Spotlight on Student Loans:

PHEAA/FedLoan is exiting the federal student loan business

On July 8th, the Pennsylvania Higher Education Assistance Agency (PHEAA) announced that it will not renew its contract with the Department of Education. After December 14th, they will no longer service the federal student loans, including those of PSLF pursuants.

Some background on PHEAA/FedLoan

PHEAA was created by the Pennsylvania General Assembly in 1963 to manage the state’s financial aid programs for higher education. Since 2009, it has serviced federal student loans, through its subsidiary FedLoan, when it was named one of the four large agencies that would service the bulk of federal student loans.

The others were Great Lakes, Nelnet, and Navient, but the first two have since merged together. PHEAA/FedLoan currently serves approximately 9 million borrowers, including all those pursuing Public Service Loan Forgiveness (PSLF). That number grew by 1.1 million last fall when it absorbed the clients of another servicer, Cornerstone, which also exited the federal student loan business.

Like each of the other major federal loan servicers, PHEAA has a proprietary data processing system that manages their client records, which could make it difficult to transition their clients’ information to other platforms.

Why is PHEAA leaving the federal stage now?

PHEAA cites the “increasingly complex and challenging” and “cost to service” federal loans as their primary reasons for stepping aside, while desiring to refocus on their “core mission for the Commonwealth of Pennsylvania.” Another potential motivation could be the mounting scrutiny they’ve faced as the sole servicer for PSLF, which has had a dismal record of success, and for which PHEAA was publicly scorned by Sen. Elizabeth Warren.

What happens to clients of PHEAA/FedLoan now?

Regardless of their reasons for giving up federal loans, it leaves their clients in the lurch, wondering what is to come. There is little further information available at this point, beyond PHEAA’s promise that they will do “what is needed to ensure a smooth transition for borrowers,” although it’s not yet apparent what that transition will look like. Until we know what is coming next, here are some steps we recommend taking to make sure you’re on firm footing:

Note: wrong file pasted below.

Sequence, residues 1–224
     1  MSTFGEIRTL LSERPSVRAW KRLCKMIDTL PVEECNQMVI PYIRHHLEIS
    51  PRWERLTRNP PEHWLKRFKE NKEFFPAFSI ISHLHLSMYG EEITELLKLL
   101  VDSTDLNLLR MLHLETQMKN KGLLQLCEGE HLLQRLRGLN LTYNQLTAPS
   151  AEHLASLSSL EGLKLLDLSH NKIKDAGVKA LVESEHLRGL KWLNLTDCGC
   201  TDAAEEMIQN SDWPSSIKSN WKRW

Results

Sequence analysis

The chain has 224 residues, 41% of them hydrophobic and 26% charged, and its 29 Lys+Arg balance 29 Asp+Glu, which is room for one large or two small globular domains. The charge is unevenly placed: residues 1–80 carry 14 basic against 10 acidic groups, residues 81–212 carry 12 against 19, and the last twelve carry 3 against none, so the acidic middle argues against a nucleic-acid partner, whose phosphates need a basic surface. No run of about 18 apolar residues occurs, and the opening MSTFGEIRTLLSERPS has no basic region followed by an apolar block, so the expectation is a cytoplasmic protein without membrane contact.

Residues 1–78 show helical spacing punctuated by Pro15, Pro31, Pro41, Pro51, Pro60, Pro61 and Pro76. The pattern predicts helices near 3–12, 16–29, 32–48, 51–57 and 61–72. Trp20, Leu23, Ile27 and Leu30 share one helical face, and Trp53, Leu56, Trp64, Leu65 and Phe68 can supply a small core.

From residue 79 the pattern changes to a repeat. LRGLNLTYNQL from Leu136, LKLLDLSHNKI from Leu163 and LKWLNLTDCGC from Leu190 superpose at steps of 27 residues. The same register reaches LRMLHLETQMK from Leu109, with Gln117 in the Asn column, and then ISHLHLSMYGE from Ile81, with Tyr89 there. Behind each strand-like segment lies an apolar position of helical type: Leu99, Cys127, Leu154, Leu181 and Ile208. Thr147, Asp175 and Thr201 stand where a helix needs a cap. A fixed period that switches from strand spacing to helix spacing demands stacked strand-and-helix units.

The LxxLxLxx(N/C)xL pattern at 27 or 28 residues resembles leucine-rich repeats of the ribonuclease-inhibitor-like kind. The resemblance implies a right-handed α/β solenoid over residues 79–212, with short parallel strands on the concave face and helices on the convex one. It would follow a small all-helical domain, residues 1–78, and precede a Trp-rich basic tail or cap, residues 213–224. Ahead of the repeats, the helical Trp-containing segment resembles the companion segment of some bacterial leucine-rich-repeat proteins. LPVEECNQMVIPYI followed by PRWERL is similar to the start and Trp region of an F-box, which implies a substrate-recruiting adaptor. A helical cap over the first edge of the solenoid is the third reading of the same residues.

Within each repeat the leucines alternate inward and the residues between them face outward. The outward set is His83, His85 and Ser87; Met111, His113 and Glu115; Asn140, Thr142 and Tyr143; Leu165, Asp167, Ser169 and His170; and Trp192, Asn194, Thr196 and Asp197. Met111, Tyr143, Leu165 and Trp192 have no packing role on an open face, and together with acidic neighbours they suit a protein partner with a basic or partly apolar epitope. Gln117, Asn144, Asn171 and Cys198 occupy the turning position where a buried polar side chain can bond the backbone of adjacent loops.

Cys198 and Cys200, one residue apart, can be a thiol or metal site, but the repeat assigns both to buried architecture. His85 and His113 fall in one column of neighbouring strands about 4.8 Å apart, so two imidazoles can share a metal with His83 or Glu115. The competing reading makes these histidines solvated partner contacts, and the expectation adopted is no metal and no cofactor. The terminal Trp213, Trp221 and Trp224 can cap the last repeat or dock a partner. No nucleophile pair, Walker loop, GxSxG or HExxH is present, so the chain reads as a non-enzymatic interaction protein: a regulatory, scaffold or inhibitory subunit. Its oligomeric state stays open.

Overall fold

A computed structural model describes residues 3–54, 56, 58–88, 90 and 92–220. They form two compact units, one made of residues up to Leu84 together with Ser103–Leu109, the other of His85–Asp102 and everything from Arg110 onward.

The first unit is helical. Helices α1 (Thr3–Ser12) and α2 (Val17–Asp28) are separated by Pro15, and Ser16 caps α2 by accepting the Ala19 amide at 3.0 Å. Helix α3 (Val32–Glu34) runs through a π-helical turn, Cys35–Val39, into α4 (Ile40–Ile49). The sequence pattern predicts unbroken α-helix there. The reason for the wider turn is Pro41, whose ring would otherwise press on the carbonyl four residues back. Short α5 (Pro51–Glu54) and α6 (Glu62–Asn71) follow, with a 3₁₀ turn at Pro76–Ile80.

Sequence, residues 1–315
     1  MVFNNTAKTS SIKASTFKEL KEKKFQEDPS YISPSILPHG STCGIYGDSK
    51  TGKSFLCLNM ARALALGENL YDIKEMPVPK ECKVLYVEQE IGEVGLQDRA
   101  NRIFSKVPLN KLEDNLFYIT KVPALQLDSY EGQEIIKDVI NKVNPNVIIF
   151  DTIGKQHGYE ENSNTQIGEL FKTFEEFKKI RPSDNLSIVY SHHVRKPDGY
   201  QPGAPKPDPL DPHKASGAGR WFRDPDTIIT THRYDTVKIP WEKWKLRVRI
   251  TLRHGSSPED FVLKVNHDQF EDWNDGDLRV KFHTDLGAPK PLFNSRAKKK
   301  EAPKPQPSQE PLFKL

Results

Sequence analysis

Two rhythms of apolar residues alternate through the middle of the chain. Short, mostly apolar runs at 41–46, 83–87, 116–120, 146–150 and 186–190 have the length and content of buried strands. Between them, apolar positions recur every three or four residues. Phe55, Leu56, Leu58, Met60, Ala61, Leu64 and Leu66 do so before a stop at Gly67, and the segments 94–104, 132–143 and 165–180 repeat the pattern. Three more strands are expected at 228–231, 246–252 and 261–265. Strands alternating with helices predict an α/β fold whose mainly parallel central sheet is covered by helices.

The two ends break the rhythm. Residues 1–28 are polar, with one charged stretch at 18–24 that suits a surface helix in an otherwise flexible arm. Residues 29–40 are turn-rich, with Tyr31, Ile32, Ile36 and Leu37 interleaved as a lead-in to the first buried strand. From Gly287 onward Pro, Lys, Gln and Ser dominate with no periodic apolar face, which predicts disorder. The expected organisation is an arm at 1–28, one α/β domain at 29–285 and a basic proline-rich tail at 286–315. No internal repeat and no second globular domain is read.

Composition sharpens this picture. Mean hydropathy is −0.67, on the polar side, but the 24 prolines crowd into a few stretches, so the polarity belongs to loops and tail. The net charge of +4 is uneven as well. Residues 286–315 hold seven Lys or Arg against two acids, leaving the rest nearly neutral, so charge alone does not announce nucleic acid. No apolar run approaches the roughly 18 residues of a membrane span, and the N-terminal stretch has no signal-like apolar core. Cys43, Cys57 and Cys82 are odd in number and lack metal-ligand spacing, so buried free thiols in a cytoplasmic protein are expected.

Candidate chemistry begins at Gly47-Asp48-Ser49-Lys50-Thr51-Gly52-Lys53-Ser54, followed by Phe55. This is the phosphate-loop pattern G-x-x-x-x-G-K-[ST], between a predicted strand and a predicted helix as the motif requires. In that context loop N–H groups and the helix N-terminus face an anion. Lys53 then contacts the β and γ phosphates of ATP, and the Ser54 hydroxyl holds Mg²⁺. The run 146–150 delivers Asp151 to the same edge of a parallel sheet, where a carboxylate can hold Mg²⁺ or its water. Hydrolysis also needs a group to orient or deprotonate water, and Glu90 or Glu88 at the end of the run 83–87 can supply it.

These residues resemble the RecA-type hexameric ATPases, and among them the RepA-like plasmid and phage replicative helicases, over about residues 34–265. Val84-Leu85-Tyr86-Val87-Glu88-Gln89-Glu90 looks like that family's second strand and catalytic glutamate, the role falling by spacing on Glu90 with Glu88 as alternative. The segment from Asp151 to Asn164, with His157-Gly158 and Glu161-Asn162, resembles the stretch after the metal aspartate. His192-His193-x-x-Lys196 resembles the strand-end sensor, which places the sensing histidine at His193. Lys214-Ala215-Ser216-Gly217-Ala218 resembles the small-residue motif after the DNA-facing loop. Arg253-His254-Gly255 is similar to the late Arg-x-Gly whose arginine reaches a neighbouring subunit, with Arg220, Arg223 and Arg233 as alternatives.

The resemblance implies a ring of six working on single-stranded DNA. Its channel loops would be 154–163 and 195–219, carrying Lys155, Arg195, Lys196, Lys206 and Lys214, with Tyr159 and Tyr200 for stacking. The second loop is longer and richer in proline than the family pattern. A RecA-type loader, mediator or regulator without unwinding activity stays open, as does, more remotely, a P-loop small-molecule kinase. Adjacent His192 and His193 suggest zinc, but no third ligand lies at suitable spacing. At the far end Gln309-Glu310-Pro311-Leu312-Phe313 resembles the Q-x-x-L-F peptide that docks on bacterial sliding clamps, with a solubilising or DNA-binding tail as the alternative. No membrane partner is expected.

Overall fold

• Don’t panic, you’re not alone in this!
    • Don’t take any steps with your student loans that you weren’t already planning to do, such as refinancing, recertifying, etc.
  • Keep doing what you’re doing.
    • Whether you’re using the National COVID emergency forbearance or making monthly payments, continue with that.
      • Make sure you’re set up with direct-debit when monthly payments resume so that they’re made automatically. That way, if something goes awry, it’s the servicer’s responsibility to correct the mistake, not yours.
    • Check on your recertification dates.
      • If you are set to provide your employment certification or income recertification in the month or two before or after December 14th, consider doing it earlier than that so it’s done and you get documentation ahead of time.
  • Download your important repayment and PSLF documents such as:
    • Payment history records
      • Make sure you and your future servicer know your payment history so you can prove what you’ve already paid
    • Your most recent PSLF tracker letter
      • This contains your qualified payment verification chart, which shows the number of QPs you’ve made towards PSLF. It’s just a good thing to have on hand, no matter what!
    • Any correspondence you’ve gotten in the last 12 mos regarding your IDR
      • Sometimes there’s an error in how applications are processed, so you want to have those letters as a record.

As more information becomes available, we will continue to update you via the Tips Page, Facebook, and Twitter. The government and servicers will have a lot to do over the coming months to effect this transition, but we’ll be watching and asking questions for you! Keep breathing, and if you have ANY questions about how this affects you or your loved ones, we’re always here for you. Please don’t hesitate to contact us at

For those pursuing PSLF, they’ve had the added benefit that these months of forbearance have counted toward their 120 qualifying payments required for forgiveness. The economy, however, remains fragile, and many are wondering what will happen as student payments resume in the coming monthsnot to mention the end of expanded unemployment benefits for millions of Americans.